For everything we try to manage, we need something to measure it with; and for the complexity we need a measure to understand the size of a given complex situation. In Cybernetics it is called variety: the number of possible distinct states of a system.
The more complex a system gets, the more its variety becomes (and vice versa). Now, here comes the complicated part:
This apparently convoluted concept, which is known as Requisite Variety (first introduced by William Ross Ashby) plays a fundamental role in systems approach to engineering and management.
To explain this, consider an environment you live in (e.g. your room), where you need to ‘control’ the temperature so that you feel comfortable in that environment.
If it is winter time and the temperature has only 2 states for you (comfortable and uncomfortable), then all you need is a control device (thermostat) with the variety of 2: to turn ‘on’ and ‘off’ the flow of warm air to your room. This way you can keep the temperature of the room in a comfortable range.
On the other hand, if you are more energy conscious, you may want to reduce the energy consumption when you are out of that room: reduce the load of the heating system when you are not using the room.
In this situation, the environment has more than 2 varieties, and you need a device with appropriate number of varieties to control accordingly. You need to be able to tell in what temperature the room should be in specific time ranges: sleep time, morning time, out of room, before coming back, at home, etc.
You can further increase the level of complexity by differentiating between working days and weekends; hence more variety to manage, and a more complex thermostat.
Variety in the Model
Going back to our basic model of the management-process-environment, it is obvious that the variety of the environment (total number of possible states) is much greater than that of the process; and the variety of the process is, in turn, considerably bigger than the possible distinct states that the management can handle.
As an example, imagine a manufacturing company with an environment filled with myriads of complexities (competitors, legislation, suppliers, customers, creditors, etc.)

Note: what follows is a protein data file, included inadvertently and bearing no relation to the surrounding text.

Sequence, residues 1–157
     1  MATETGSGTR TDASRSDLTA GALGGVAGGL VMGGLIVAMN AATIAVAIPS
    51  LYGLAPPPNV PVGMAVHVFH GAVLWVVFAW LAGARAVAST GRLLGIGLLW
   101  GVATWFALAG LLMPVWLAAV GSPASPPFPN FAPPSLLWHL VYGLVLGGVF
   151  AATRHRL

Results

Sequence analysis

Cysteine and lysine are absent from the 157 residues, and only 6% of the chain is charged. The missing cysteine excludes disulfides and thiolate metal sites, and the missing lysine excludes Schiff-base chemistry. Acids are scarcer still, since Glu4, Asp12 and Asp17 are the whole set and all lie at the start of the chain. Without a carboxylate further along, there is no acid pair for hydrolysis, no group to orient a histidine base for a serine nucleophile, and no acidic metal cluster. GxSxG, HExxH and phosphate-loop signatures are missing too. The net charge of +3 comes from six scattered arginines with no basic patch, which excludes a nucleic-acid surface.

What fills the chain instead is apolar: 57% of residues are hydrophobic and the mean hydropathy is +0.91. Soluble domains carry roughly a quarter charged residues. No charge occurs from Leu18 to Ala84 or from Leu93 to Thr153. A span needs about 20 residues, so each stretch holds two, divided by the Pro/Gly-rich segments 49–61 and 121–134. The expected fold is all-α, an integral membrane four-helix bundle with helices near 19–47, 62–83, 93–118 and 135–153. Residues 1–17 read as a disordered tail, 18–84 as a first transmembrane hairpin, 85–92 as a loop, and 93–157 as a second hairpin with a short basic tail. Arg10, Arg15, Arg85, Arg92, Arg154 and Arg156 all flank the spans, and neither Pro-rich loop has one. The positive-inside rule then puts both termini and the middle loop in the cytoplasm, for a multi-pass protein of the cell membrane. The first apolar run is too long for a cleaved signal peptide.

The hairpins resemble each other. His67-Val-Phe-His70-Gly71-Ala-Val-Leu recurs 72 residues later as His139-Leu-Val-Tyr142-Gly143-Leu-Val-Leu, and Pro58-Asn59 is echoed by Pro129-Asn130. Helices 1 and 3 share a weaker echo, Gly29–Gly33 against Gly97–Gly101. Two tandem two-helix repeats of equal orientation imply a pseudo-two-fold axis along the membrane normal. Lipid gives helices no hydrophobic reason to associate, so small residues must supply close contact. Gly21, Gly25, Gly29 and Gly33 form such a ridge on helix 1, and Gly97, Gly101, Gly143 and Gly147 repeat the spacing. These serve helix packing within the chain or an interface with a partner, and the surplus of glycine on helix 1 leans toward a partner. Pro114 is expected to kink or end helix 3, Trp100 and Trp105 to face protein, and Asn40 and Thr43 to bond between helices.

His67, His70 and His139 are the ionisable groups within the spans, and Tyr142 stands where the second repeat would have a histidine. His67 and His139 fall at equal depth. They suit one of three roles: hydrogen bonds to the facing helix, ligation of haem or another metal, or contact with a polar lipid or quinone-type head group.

Also, when you look at the processes (internal manufacturing processes, material handling, quality control, people interactions, training, maintenance, etc.), it definitely presents a greater deal of variety than that of the manager.
This is where we encounter our first problem designing our organization: How can we handle such a great number of varieties in and outside of the organization?
Simple. By increasing or decreasing the variety, of course!
If the variety of the management is less than that of the process, the logical solution for it, to be able to control and manage the whole variety of the process, is to amplify its variety. Meanwhile, attenuating (decreasing) the variety that is flowing from the process towards the management.
As an example of the attenuation: instead of creating an information overflow for the management team, let’s give them a simplified and effective dashboard with summarized reports.
The same thing goes between the process and the environment. The process needs to amplify its variety (e.g. through advertisement, marketing campaigns) and attenuate the huge numbers of variety in the environment (e.g. market research, segmentation, market engineering).
Every management technique can be described as one or a combination of these 4 relations of amplifying or attenuation between management, process, and environment:
- Team-based management,
- Learning organizations,
- Total quality management,
- Market research,
- Process re-engineering,
- Management by objectives